Do your homework first, rather than going the school of hard knocks.
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Offline edkemper

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Re: Solar ???
« Reply #26 on: April 18, 2016, 05:26:51 pm »
WOW! I try to research everything to death before I start. However, $90K?

I think the hardest part of the process is understanding what you need. Many build far undersized and many build a personal system that could power a small city.

Solar panels are down to under $1 a watt. YouTube is your best friend when it comes to building your own system.

Personally, I wouldn't hire someone to do this. Years ago, yes. Now, there isn't much I can't do and isn't much you can find how-to videos. I'm also smart enough to buy good hardware to use. I will mount on the ground to help clean and to clear snow. I've been researching for a couple of years now and have been asking questions. I've also watched almost every how-to video on the subject.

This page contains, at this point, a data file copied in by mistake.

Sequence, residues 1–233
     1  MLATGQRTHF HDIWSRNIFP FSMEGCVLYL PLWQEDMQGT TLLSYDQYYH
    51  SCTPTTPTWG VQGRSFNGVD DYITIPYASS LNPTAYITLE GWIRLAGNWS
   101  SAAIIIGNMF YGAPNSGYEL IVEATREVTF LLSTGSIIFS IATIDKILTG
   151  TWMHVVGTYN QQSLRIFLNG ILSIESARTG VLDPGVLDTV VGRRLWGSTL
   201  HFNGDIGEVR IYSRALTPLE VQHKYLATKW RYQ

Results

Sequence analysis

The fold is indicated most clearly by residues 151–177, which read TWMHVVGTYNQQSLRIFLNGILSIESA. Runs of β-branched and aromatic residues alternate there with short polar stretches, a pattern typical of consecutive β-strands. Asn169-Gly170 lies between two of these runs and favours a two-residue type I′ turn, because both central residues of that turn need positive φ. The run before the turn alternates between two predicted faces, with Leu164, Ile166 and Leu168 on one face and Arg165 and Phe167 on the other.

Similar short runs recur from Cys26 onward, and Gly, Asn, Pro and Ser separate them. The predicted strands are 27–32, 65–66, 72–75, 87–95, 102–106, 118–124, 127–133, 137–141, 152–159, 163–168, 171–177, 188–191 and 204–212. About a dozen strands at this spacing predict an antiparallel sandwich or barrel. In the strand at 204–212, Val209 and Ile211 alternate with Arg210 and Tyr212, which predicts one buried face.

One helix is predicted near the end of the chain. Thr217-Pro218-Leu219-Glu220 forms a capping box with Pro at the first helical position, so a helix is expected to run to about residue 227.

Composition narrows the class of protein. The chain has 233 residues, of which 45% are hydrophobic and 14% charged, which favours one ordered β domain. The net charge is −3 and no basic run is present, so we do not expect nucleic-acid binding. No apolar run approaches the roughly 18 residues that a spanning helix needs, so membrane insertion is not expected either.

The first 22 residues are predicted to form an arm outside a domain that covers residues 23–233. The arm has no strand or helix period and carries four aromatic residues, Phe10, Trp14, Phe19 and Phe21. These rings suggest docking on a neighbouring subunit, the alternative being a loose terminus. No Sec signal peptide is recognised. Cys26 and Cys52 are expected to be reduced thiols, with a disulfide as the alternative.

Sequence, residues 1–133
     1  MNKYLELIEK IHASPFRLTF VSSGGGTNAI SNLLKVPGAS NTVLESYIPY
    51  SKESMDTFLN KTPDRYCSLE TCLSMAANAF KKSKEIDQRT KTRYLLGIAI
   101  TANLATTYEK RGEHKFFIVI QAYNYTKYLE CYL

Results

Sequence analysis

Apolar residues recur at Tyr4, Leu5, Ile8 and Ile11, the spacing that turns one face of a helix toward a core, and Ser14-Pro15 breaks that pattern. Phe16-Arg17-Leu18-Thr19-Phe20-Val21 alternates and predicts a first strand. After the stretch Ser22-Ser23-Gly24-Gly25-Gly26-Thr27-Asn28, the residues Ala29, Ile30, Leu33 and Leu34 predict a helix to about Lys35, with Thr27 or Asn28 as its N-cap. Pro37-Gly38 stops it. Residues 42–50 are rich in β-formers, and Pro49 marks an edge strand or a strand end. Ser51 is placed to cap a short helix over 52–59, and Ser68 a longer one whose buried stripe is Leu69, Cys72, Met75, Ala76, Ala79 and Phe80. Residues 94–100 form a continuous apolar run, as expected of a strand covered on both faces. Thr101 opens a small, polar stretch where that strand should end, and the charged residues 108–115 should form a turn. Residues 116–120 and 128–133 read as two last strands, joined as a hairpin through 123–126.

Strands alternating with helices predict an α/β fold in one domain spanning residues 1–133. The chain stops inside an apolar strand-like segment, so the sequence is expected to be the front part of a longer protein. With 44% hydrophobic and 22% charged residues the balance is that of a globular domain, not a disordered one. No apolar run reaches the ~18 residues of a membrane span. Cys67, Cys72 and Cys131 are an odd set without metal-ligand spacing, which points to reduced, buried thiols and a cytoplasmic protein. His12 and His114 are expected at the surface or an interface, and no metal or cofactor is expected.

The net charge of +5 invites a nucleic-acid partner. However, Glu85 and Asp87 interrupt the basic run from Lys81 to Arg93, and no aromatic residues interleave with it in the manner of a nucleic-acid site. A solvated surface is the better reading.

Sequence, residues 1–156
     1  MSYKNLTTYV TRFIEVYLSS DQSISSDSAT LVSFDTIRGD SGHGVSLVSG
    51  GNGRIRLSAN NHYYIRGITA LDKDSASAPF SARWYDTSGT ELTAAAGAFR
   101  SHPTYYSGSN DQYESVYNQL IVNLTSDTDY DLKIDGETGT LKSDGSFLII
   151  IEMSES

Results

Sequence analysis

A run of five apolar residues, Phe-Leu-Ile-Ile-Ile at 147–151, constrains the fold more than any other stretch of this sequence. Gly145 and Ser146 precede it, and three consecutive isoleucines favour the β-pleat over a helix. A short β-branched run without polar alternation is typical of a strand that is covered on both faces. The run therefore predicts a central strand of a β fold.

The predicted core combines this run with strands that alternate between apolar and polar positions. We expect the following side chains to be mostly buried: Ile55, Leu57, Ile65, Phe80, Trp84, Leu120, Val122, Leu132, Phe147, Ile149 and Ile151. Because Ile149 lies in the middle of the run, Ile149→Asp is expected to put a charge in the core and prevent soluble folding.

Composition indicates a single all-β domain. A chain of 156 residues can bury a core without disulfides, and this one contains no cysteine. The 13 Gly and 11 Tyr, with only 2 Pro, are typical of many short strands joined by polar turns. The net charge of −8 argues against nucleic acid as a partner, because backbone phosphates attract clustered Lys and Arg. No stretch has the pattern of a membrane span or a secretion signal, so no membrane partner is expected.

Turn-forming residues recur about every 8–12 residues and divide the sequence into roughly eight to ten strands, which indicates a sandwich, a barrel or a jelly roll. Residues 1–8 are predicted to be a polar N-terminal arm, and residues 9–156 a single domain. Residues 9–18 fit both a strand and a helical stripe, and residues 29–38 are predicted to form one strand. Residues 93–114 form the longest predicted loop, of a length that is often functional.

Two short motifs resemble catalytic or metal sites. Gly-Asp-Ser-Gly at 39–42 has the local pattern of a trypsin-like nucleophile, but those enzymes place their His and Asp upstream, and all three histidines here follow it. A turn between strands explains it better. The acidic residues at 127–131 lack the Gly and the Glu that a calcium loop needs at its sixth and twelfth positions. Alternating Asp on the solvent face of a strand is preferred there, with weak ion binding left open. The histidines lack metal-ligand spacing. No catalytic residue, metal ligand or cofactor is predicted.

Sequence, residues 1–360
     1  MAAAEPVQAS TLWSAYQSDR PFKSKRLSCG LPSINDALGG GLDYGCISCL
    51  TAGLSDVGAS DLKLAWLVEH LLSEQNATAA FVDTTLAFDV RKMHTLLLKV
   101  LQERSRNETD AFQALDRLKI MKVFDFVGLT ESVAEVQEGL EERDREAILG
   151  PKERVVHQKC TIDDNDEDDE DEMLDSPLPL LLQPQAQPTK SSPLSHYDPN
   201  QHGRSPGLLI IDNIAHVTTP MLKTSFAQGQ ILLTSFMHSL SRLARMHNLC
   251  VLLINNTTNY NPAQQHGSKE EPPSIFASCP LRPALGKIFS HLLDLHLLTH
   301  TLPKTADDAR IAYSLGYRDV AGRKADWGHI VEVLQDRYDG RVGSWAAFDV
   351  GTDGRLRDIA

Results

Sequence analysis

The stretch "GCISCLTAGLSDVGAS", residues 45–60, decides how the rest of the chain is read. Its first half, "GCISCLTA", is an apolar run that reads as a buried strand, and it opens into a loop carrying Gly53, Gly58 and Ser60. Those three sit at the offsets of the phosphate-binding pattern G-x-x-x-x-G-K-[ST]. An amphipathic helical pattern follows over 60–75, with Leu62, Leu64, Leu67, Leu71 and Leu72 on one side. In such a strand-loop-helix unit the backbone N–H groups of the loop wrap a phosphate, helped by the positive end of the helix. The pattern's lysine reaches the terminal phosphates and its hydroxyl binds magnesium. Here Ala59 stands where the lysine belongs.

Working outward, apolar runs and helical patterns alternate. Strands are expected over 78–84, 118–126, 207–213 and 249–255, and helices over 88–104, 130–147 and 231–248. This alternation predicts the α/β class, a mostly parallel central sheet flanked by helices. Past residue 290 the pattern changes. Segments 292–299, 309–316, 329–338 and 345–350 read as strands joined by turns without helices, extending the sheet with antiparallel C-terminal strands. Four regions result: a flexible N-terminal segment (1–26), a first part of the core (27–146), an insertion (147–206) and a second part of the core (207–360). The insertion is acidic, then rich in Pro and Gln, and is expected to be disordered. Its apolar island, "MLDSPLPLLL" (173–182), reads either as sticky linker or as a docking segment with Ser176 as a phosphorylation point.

Hire someone and it'll cost 2x or more. I don't know about anyone else, but if I can build and wire a house, I can install a solar system that will take care of me now and in the future.
Old Man

Offline edkemper

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Re: Solar ???
« Reply #27 on: April 18, 2016, 05:30:37 pm »
Electric where I live is only 11 cents a kwh.

Just to clarify, how much is the customer charge per month? Delivery charges? If you don't use one watt in a year, how much did you pay for all the extra charges? Taxes and such.

I wish I only paid the electricity charge.
Old Man

Offline gww